North Carolina investigating 650 Hurricane Florence price gouging complaints

Stranded by Florence's epic floods days after the hurricane hit North Carolina, Wilmington residents lined up by the hundreds Tuesday for free food, water and tarps, while officials managed to open a second route into the surrounded city.

Utility crews from multiple states worked to restore power, and outages were down from a high of more than 900,000 to about 320,000 homes and businesses, almost all in North Carolina.

Florence was causing severe weather over Virginia as it moved north, with WWBT reporting a tornado outbreak that included at least one touchdown.

But it's impossible to say how deep the Lumber River is now, because the official river gauge stopped working a few days ago.

People who see price-gouging are advised to contact the state attorney general's office.

Cooper said about 2,600 people were rescued in North Carolina, along with 300 animals, and that the rescues were continuing. Power is still out for the majority of residents, and the ongoing flooding will make it hard for the power company to begin work to restore downed lines.

Residents (from left) Mike Haddock, 48, Katlyn Humphrey, 19, Michelle Haddock, 45, and Justin Humphrey, 24, remove possessions from the Haddock's flooded home using a jon boat in Trenton, North Carolina.

North Carolina Gov. Roy Cooper warned that the flooding set off by as much as 3 feet of rain from Florence is far from over and will get worse in places.

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"We want you home, but you can't come yet".

Some Carolinians were relieved that the storm was pushing out, despite the continued threat of flooding from rivers.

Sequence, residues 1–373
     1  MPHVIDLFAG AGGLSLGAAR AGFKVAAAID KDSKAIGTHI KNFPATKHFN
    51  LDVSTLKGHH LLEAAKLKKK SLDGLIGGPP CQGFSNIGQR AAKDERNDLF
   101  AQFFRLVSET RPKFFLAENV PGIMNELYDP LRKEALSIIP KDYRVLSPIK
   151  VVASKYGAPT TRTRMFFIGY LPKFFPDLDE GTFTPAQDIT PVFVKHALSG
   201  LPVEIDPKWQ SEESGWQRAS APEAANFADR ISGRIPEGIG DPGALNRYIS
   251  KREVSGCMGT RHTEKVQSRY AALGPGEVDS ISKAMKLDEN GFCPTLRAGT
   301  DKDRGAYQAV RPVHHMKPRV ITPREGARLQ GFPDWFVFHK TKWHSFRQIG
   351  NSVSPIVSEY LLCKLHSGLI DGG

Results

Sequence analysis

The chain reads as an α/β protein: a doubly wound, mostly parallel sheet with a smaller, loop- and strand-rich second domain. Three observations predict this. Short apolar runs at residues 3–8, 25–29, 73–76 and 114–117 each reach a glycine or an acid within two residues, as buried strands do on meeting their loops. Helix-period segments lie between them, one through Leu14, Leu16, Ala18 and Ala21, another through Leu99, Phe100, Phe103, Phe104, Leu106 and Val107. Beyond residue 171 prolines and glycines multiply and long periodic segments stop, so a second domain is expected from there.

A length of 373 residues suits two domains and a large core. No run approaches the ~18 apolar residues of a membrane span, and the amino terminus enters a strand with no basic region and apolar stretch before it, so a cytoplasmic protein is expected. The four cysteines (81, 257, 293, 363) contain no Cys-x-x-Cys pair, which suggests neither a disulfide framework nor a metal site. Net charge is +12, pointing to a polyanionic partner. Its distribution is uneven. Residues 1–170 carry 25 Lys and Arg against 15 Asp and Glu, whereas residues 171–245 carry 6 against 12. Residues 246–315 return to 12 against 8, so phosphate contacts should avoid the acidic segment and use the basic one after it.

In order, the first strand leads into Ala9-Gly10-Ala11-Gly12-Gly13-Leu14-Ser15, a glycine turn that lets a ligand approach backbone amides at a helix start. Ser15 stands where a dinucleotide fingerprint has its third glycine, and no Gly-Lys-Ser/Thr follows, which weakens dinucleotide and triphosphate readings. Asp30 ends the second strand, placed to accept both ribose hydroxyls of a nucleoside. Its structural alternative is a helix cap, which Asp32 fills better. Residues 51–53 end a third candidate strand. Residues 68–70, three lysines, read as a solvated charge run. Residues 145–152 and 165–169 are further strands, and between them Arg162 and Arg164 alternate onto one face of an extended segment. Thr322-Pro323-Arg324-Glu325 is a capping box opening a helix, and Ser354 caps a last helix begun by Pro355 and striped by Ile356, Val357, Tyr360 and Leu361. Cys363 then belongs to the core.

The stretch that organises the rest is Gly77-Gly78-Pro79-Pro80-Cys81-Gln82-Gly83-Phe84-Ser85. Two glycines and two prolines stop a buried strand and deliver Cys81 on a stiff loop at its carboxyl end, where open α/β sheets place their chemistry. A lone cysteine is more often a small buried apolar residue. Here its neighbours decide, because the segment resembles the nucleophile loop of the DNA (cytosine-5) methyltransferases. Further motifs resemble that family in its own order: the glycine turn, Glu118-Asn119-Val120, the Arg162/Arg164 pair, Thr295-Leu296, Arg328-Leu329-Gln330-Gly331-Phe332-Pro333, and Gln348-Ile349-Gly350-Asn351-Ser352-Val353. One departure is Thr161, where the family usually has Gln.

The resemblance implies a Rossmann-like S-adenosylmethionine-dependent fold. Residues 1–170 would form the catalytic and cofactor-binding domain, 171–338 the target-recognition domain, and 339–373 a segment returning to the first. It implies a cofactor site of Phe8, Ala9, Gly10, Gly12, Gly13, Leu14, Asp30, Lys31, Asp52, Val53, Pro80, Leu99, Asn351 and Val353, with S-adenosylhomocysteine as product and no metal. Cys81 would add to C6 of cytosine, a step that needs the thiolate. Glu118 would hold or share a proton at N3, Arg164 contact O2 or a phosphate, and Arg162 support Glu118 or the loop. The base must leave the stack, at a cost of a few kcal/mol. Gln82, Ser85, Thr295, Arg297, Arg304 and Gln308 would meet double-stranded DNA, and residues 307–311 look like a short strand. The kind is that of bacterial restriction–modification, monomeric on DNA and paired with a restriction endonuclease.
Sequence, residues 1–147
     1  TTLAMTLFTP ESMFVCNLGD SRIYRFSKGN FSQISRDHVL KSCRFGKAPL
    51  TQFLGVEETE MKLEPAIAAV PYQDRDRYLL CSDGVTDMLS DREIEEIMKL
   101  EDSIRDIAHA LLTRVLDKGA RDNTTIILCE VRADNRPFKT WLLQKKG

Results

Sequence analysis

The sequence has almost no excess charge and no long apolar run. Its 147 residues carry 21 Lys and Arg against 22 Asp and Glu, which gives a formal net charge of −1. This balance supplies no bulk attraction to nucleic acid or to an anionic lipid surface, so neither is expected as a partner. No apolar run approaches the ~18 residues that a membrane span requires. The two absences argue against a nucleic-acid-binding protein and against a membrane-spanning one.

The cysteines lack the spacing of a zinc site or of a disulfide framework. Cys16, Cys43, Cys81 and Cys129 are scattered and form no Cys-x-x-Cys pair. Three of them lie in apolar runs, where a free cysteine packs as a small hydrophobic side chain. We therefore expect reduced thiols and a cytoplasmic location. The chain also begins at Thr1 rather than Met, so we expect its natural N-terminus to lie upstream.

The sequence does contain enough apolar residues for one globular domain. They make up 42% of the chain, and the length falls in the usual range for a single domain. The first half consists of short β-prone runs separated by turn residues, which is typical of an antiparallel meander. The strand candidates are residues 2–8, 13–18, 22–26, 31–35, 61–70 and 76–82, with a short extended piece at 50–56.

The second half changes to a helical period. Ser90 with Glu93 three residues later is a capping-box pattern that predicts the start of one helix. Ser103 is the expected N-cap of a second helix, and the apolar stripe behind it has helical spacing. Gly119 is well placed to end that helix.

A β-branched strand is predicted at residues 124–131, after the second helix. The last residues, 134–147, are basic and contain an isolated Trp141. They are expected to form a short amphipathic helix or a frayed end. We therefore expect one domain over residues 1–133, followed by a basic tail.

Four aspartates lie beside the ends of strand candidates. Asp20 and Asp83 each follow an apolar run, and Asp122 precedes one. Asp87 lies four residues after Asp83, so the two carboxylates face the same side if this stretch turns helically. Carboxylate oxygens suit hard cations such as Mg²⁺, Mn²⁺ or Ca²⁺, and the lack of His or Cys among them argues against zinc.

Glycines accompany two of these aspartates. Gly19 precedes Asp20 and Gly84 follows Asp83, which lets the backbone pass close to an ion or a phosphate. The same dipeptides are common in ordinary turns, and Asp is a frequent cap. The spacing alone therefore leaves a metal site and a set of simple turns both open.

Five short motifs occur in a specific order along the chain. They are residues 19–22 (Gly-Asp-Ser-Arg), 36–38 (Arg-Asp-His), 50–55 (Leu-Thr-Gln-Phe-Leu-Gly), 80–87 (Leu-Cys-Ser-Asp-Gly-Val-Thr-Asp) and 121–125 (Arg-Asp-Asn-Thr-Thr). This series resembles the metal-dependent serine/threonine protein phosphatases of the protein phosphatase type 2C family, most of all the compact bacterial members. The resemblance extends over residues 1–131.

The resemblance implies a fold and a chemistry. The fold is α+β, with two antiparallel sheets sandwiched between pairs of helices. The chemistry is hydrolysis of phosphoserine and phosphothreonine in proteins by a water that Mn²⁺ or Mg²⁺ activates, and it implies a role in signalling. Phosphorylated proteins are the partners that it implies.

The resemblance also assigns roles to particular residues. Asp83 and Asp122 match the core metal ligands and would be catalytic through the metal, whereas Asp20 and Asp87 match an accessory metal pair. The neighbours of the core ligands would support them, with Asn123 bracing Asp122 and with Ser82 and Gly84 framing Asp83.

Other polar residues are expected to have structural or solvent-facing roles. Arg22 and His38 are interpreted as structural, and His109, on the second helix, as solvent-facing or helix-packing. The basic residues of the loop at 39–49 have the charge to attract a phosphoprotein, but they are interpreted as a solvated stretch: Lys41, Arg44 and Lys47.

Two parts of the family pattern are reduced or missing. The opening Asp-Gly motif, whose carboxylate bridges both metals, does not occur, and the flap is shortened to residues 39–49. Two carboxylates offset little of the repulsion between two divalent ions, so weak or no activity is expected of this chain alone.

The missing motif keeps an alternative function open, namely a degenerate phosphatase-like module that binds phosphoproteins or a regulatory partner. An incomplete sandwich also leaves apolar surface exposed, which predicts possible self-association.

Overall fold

"The worst is yet to come", as river levels rise to historic levels, said Zach Taylor, an NWS meteorologist.

The storm made landfall at Wrightsville Beach, NC, around 7:40 a.m. ET Friday as a Category 1 hurricane. "Now we're having river flooding, many of our rivers are approaching risky flood levels and the flooding is only going to increase in those areas".

It will make federal money available to people in the counties of Beaufort, Brunswick, Carteret, Craven, New Hanover, Onslow, Pamlico and Pender.

The slow-moving storm, has dumped up to 91cm of rain on the state since Thursday, displacing thousands.

The storm is expected to produce "heavy to potentially excessive rainfall" throughout Tuesday in parts of the northern mid-Atlantic states and southern New England. The toxic ash could run off into the nearby Cape Fear River.

More than 347,000 customers, mostly in the Carolinas, were without power on Tuesday morning, according to power companies, down from a peak of almost 1 million outages.

  • Joey Payne